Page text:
December 19 – It’s Read a New Book Month

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About the Holiday

Read a New Book Month is a fantastic time to scour your local bookstore and library for books that have recently been published or books that are new to you. Finding a book that you’ve never read before is exciting at any age, and discovering a new book about a favorite topic is one of life’s greatest pleasures. Today’s book shows that there’s always an intriguing way to present a subject—even if it’s millions of years old!

Dinoblock

Written by Christopher Franceschelli | Illustrated by Peskimo

 

Welcome to the dinosaur museum! Open the doors and let’s see what’s inside! “Who are the dinosaurs” and where are they? You can explore the Triassic, Jurassic, and Cretaceous period and find out! One of the best ways to learn about those creatures from so long ago is to compare them to animals and things you’re familiar with now. For example: What dinosaur has a “neck like a goose?” A coelophysis—and they even like to find food in the water too!

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Image copyright Peskimo, 2015, courtesy of Harry N. Abrams Books for Young Readers.

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Do you want to guess which dino is “quick like a fox?” The eoraptor is swift and enjoys nighttime hunts as well. Do you like sleeping in a tent? Did you know there’s a dinosaur that has “a back like tents on a hill?” It’s called a stegosaurus! The diplodocus is as long as a blue whale, and a brachiosaurus can reach the tops of tall trees just “like the ladder on a fire truck.” And if you think that is tall, the sauroposeidon stands as tall as a six-story building.

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Image copyright Peskimo, 2015, courtesy of Harry N. Abrams Books for Young Readers.

You might say that the argentinosaurus was the cement truck of the dinosaur world. You know how bunnies like to burrow? So did the oryctodromeus, while spinosaurus floated in water as well as a crocodile. A couple of the smallest dinosaurs are the chicken-sized microraptor and the turkey-sized micropachycephalosaurus. Phew!

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Image copyright Peskimo, 2015, courtesy of Harry N. Abrams Books for Young Readers.

In the museum, you’ll also discover a dinosaur that had excellent night vision, a dino built like an armored truck, one that boasted a fancy head crest, one that trumpeted like an elephant, a type that roamed in herd like zebras, and a few that were could be ferocious—like the fanged sinornithosaurus, the triceratops, and, of course, the tyrannosaurus.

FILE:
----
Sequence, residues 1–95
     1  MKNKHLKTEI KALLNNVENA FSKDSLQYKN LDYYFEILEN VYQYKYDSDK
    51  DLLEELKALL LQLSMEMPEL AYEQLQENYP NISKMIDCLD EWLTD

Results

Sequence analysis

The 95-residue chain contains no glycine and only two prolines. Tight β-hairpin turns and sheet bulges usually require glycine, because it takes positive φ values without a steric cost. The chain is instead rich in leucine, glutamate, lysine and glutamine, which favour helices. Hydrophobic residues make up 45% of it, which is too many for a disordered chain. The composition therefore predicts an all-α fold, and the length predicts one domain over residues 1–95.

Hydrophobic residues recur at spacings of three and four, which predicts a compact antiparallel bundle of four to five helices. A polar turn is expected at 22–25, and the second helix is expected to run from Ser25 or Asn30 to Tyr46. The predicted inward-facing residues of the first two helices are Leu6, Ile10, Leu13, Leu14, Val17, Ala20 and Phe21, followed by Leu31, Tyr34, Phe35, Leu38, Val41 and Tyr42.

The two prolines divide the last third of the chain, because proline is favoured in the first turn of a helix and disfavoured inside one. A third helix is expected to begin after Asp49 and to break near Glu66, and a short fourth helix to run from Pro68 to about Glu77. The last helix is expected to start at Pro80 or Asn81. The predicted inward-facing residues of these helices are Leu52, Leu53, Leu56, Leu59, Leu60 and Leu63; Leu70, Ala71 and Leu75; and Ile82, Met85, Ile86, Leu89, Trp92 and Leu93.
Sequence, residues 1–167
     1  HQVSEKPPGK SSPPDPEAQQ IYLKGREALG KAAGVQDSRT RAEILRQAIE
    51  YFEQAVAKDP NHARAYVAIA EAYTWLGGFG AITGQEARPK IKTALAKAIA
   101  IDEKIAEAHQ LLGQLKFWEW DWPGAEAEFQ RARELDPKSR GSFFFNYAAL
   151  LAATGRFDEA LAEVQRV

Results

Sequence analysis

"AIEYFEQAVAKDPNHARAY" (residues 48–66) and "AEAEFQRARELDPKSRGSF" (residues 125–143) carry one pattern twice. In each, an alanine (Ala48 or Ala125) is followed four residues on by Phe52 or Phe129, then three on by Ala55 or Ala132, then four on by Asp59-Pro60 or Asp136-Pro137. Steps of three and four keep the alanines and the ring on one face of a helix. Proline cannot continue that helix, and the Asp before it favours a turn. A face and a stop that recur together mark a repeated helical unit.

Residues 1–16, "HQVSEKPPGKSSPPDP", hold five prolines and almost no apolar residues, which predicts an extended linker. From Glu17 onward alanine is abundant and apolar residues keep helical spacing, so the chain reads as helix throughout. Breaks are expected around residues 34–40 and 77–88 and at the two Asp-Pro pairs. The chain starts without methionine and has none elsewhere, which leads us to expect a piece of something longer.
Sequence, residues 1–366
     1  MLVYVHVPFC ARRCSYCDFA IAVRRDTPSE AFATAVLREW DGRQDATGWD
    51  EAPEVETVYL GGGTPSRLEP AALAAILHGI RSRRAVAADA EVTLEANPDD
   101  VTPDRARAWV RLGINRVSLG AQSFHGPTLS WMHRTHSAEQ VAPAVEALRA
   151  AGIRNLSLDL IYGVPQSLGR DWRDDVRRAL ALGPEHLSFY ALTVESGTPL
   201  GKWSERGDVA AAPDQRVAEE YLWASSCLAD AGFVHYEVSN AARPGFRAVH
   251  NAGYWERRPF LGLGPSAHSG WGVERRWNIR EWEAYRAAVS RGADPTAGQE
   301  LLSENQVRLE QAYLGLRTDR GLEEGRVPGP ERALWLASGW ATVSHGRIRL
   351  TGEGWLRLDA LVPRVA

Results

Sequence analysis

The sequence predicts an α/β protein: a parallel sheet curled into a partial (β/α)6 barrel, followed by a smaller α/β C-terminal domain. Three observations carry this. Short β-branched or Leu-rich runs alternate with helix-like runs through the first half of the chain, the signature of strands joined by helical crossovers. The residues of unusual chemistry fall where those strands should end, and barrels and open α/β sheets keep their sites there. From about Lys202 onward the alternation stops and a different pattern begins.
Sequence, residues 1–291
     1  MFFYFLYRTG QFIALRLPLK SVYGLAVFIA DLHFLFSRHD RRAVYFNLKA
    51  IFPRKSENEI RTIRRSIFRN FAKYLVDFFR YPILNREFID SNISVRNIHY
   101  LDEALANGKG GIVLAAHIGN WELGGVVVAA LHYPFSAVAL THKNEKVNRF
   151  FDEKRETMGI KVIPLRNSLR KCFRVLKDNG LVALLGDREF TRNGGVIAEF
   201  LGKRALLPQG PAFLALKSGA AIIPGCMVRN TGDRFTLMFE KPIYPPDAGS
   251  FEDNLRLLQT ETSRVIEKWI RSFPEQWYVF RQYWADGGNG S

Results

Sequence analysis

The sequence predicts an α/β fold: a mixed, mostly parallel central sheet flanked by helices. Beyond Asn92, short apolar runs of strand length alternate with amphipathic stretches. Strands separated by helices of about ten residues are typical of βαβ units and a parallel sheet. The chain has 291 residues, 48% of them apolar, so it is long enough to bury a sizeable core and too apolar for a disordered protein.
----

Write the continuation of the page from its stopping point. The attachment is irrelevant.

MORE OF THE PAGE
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Image copyright Peskimo, 2015, courtesy of Harry N. Abrams Books for Young Readers.

Christopher Franceschelli’s clever take on paleontology for those little ones that are enthralled with dinosaurs (and which ones aren’t?) welcomes readers to appreciate these fascinating creatures in a whole new way. From the double gate-fold first page that opens the door to this chunky mini-museum to the final double gate-fold spread that depicts a stunning exhibit of dinosaur skeletons, Franceschelli describes twenty-three dinosaurs in language that even the youngest readers will understand. His examples take in the size, personality, diet, and body features that draw kids to these creatures from the past.

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Image copyright Peskimo, 2015, courtesy of Harry N. Abrams Books for Young Readers.

The charm of this little wonder extends to the illustrations by Peskimo, in which cute-but-realistically portrayed dinosaurs roam in what was their native habitat and Franceschelli’s smart comparisons are traced with smooth die-cuts. Turn the page, and the dinosaur in question fits neatly into the die-cut’s curves, providing young readers with learning on multiple levels. Peskimo’s eye-catching illustrations are rendered in a sophisticated palette that will keep little ones riveted to each page. Two young museum-goers lead the way from page to page in this stylish field trip in a book, and Peskimo’s final image of the hall of dinosaur skeletons is sure to raise an “Ooooh!” from children and adults alike.

Dinoblock is a beautifully crafted sturdy board book that will stand up to plenty of exploration. It would be a much-loved gift and a favorite on any young child’s bookshelf.

Ages 1 – 4

Harry N. Abrams, 2015 | ISBN 978-1419716744

View a portfolio of artwork by Peskimo on his website

Read a New Book Activity

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Initial Book End

 

With so many new books to add to your shelf, you might need a bookend to keep them all neat and tidy! With this easy craft that uses your name’s first initial

, you make a bookend that is just as unique as you are!

Supplies

  • Wooden block initial
  • Chalk board paint
  • Chalk
  • Paint brush

Directions

  1. Paint the wooden initial, let dry
  2. Write words that describe you on the front, sides, and back of the initial with the chalk
  3. Place on your bookshelf to keep your books straight and neat

Picture Book Review

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